What is soup? I know what you’re thinking: it’s soup. Yes, that’s true. Soup is soup. But what is “soup”? I know what you’re thinking: it’s soup. Ugh, we could do this all day. Here’s what I’m asking you: Is soup a food or a beverage?
Soup is liquid, but it is typically eaten with utensils. It’s usually savory, but it can be placed in a thermos and taken on a camping trip for periodic sipping. It can have food chunks, but around those food chunks? Liquid. It is nutrient-rich, but so is juice. Is juice a food? I think not all but most would agree that it is not.
Please don’t judge me for this, but I think it’s important to begin by telling you that Webster’s dictionary defines soup as “a liquid food.” The word itself (“soup”) is of Germanic origin; it became the Latin suppa, meaning the piece of bread used to soak up a broth, which became the French soupe, meaning soup. As a source of nourishment, soup has existed across all cultures essentially forever, give or take. A 2010 study of 46,000-year-old Neanderthal teeth fossils shows that even those guys cooked plant foods to make them more easily digestible, in a way that was likely soup-like.
But what is soup?
Campbell’s memorable ‘70s- and ‘80s-era advertising slogan would have you believe “Soup Is Good Food.” (Jello Biafra would also have you believe “Soup Is Good Food,” but he would have you believe it in a sardonic, anti-capitalist way that does not help with our food vs. beverage discussion particularly.) But many remain unconvinced, or at least confused. Soup detectives have asked the public “is soup a food or a beverage?” on Yahoo Answers, Reddit, Quora, Answers.com — pretty much all of the places you visit online when you need to find the answer to one of life’s many mysteries. The answers are, in general, very good. “Soup is a food. Most beverages are also food. Wrap your brain around that! I think that the only beverage that isn't a food is water,” Ryan answered on Yahoo. Fuck! “Soup is a food you drink,” bulletproofme said on Reddit, blowing my mind. Keyl Edwards, Software Engineer at Microsoft (2012-present), told Quora: “food… Just cause its [sic] a liquid doesnt [sic] make it a beverage by that logic liquid anti-freeze is a great beverage.” Damn. He’s right.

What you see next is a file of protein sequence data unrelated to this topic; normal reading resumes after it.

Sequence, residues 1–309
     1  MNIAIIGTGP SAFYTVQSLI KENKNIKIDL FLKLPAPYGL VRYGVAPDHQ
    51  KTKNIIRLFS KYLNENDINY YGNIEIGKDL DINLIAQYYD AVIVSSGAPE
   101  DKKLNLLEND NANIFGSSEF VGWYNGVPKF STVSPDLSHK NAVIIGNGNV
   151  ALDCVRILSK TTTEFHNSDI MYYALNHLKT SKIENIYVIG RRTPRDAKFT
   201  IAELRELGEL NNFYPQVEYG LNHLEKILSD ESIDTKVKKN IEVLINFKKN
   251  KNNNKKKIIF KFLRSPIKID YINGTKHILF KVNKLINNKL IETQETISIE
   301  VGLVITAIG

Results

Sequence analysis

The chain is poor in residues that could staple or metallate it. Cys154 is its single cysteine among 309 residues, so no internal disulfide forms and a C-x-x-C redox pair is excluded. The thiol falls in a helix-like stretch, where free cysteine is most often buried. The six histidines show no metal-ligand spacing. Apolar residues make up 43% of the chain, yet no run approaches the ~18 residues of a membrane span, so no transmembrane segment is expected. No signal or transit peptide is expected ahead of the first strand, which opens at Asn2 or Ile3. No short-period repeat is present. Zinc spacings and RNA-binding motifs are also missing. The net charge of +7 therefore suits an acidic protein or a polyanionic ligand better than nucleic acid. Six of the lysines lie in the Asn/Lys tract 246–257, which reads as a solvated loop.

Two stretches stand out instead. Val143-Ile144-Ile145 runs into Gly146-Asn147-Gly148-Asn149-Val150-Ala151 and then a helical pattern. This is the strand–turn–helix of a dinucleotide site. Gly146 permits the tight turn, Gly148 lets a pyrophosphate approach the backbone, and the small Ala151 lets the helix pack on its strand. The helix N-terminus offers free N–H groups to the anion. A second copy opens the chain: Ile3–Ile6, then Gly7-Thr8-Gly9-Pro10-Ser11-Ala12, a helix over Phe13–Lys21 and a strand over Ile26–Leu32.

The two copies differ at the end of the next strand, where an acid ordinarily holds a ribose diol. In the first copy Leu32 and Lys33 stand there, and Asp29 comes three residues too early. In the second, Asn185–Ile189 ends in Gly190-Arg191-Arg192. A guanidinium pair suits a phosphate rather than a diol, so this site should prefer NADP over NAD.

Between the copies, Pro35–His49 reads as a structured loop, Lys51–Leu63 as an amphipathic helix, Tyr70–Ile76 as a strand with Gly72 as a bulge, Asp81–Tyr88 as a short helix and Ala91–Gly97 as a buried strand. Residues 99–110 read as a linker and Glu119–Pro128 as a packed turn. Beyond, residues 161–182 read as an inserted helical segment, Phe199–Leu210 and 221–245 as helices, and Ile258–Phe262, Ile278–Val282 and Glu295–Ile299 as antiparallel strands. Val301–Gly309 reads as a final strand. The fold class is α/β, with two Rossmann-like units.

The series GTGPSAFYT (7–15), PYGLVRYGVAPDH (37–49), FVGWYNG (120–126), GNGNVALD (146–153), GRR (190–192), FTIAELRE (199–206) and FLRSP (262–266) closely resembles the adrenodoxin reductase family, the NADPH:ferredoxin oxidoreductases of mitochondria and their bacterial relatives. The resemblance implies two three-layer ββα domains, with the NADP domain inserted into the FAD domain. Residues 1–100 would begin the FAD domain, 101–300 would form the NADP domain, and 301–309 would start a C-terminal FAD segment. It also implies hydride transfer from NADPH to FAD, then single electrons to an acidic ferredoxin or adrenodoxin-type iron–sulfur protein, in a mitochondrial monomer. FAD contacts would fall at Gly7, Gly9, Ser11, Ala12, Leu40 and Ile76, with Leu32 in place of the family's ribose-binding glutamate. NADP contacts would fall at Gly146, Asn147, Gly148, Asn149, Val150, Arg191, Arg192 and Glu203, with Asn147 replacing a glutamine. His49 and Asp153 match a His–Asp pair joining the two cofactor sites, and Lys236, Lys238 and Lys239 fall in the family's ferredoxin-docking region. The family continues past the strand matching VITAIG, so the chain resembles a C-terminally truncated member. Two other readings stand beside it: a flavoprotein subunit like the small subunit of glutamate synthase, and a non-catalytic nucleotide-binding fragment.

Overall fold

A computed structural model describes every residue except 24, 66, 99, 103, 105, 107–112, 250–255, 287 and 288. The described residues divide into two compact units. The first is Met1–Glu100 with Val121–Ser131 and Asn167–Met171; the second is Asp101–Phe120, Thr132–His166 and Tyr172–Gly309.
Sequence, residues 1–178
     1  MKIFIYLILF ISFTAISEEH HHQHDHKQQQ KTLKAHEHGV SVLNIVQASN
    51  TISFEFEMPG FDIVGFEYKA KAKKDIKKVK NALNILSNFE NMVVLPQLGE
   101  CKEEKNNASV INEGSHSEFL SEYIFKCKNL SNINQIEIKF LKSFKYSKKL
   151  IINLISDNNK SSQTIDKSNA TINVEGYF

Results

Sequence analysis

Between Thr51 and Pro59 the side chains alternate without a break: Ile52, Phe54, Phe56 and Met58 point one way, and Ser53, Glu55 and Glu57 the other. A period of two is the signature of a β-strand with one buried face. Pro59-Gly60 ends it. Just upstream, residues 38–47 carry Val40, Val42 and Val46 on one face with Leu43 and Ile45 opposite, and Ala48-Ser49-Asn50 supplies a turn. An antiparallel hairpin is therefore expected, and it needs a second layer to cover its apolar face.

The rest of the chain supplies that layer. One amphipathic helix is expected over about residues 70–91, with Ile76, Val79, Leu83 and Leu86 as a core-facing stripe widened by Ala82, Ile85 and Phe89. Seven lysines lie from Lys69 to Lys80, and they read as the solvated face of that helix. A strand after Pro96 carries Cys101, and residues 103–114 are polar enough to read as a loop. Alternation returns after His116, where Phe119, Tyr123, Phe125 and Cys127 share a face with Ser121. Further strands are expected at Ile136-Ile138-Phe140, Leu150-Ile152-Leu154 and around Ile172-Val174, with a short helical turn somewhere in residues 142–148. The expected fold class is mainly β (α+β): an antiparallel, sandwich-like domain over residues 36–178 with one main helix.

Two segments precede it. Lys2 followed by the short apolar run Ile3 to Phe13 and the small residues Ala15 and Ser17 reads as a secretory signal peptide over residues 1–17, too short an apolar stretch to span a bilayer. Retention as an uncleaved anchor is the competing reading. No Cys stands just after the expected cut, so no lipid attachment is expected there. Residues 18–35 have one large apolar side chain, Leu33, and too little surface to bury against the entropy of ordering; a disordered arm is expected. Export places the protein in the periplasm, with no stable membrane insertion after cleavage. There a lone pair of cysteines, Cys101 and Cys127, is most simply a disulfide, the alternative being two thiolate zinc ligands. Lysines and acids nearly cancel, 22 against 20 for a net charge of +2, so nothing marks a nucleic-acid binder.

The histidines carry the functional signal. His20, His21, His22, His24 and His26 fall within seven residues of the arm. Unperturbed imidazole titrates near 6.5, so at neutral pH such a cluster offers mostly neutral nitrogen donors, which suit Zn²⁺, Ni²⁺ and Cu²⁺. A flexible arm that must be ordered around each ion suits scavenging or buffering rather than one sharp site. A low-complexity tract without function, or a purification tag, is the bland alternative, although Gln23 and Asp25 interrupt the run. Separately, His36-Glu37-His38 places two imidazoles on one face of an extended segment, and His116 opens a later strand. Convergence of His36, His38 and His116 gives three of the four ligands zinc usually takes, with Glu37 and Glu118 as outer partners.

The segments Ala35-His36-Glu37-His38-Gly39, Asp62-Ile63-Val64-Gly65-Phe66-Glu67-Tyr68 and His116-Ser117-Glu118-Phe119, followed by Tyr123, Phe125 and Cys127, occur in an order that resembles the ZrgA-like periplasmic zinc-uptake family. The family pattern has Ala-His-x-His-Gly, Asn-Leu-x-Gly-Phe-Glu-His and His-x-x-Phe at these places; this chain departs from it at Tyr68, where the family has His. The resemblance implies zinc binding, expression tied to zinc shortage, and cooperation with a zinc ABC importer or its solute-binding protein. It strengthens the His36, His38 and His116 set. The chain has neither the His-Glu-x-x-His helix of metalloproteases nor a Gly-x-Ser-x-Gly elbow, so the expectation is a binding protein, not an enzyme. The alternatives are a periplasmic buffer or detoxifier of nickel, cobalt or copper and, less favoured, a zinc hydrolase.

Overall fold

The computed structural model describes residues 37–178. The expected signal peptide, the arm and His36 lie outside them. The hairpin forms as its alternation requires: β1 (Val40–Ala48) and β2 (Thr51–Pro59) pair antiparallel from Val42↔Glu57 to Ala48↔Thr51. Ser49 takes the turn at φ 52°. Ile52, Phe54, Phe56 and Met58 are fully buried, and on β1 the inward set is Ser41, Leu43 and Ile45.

But what does someone who loves soup think? I’d like to offer into evidence a piece of writing from Claire of ilovesoup.net, whose bio reads, in part, “I simply love soup.” In the “History of Soup” section of her website she writes: “While soup’s defining characteristic is its liquid, etiquette experts say we eat soup — as opposed to drinking it — because it is part of the meal.” She doesn’t have a link out to exactly where she found these etiquette experts, but I trust her not to speak falsely about her beloved soup.
Though most seem to be leaning toward “food,” our study is, of course, inconclusive so far. Maybe we should think of it more physiologically. Once inside the body, does soup behave in a way that offers any evidence towards classifying it as a food or a beverage?